Published on 27 Oct 2022 5:26 pm (UK Time)
With all the seats filled but Haas on the F1 2023 grid, we look into their problems with finding the right driver.
Haas is yet to announce their driver lineup for 2023. With every seat but them declared on the grid, fans eagerly await to see the full lineup for next year. Names have been floating around for who will sit alongside Kevin Magnussen next year. Antonio Giovinazzi and Nico Hulkenberg are favourites to make an F1 return. At the same time, some believe Haas should retain Mick Schumacher next year.
None of these eventualities is particularly exciting, unlike the Oscar Piastri announcements or Nyck De Vries earning his seat at Alpha Tauri. Instead, Haas faces a major driver problem. The team is still determining who is the best driver to hire to help them back into the midfield, and if they wish to progress, they must solve this issue.
To analyse their driver problem, we need a quick glimpse into the history of Haas. As the last outfit to enter Formula 1 independently, they are more than aware of the financial barriers involved with running an F1 team. Financial problems have plagued Haas’s seven years in the sport, and these concerns intertwine with their driver choices.
Previously Haas has enjoyed a stable driver lineup. They joined F1 after Marussia collapsed in 2014, purchasing assets in their auctioned-off Banbury HQ. Eventually, they entered F1 in 2016 with Romain Grosjean and Esteban Gutiérrez, the former bringing Haas into 6th place during their debut race in Australia. Grosjean picked up all 29 of their constructor points that season, allowing them to finish in 8th overall.
Constructor points mean money, and it was no wonder that Kevin Magnussen replaced the pointless Gutiérrez in 2017. Grosjean and Magnussen remained as Haas’ duo from 2017-2020, enjoying some of the team’s greatest successes, including their 5th-place finish in the Constructors’ Championship in 2018. However, the season afterwards became Haas’ worst in terms of results and losing their title sponsor Rich Energy.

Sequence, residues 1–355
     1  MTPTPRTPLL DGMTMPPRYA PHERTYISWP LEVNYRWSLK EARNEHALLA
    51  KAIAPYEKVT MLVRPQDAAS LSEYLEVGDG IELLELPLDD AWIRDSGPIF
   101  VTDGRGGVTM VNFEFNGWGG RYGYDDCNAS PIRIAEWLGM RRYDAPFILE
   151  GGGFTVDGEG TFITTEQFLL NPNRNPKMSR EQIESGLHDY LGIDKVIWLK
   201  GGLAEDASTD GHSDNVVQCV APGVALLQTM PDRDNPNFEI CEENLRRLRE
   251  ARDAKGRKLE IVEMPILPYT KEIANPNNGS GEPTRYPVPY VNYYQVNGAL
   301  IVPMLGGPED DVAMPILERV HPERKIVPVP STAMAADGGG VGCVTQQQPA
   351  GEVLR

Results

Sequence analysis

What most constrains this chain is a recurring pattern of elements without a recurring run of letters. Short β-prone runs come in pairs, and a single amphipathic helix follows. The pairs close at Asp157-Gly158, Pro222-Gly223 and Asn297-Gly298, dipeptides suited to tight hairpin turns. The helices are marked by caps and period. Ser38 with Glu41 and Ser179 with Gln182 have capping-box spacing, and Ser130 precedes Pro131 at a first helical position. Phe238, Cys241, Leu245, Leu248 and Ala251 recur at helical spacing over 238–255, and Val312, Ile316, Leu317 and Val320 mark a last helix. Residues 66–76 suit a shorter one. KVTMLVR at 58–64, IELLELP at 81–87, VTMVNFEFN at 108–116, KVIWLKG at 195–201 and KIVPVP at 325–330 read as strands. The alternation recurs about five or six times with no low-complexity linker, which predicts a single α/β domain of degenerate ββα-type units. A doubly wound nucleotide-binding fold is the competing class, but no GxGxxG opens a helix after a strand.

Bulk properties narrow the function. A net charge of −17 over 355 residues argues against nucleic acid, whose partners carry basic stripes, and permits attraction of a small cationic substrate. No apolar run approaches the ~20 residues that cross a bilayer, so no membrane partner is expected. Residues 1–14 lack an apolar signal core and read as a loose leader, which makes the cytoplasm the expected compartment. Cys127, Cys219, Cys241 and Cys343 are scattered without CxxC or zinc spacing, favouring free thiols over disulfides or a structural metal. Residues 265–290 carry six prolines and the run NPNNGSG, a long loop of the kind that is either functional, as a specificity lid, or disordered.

By 2020 the otherwise stable lineup of Grosjean and Magnussen was replaced by Nikita Mazepin and Mick Schumacher for 2021, a mainly financial decision. Haas needed money, so sacking one of their drivers for Mazepin and his Uralkali sponsorship was inevitable. Yet both drivers were shocked they were both sacked.
When Grosjean discussed leaving F1, he recalled:
“I said to Guenther on the call when he called me that I was expecting one of us [to leave], and he said, ‘No, for financial reasons, I need both of you out.”
Since then, their replacements have proven to be a financial liability for the team. Mazepin’s one-year stint in F1 featured plenty of mistakes earning him the nickname ‘Maze-spin’. In 2022, Mick cost the team over $1 million in damages due to incidents both in Saudi Arabia and Monaco.
Haas put little money into 2021, so they could focus all their financial resources around the 2022 car. After sanctions against Russia’s invasion of Ukraine, Mazepin was not allowed to compete, and his seat went to Kevin Magnussen. The Dane enjoyed a triumphant return to the sport and gave Haas a needed 5th-place finish at the season opener in Bahrain.
However, since the beginning of the season, the American outfit has been well off the pace. Both drivers have struggled to earn points, placing Haas 8th in the championship, with Alpha Tauri close to outscoring them.
Of course, drivers can only do so much with a car and a team that struggles financially. Their main issue has been a need for a title sponsor this season, as Uralkali left at the same time as Magnussen. They have recently attracted MoneyGram as their main sponsor for 2023, bringing them up to the cost cap level.
Despite having the smallest budget on the grid, Haas still has the short-term aim of becoming a regular midfield team. For that, however, they need drivers that consistently score points and can keep the costs low by avoiding incidents. Once they achieve this, Haas can gain the constructors’ points required to place them higher in the championship, where the prize money will increase significantly.
Not only this, but strong drivers help teams progress. Think about Mercedes at the moment. Lewis Hamilton works with the team analysing the data to ensure the car is fighting for wins again in 2023. Haas needs a promising driver with leadership qualities to help drive the team into the midfield.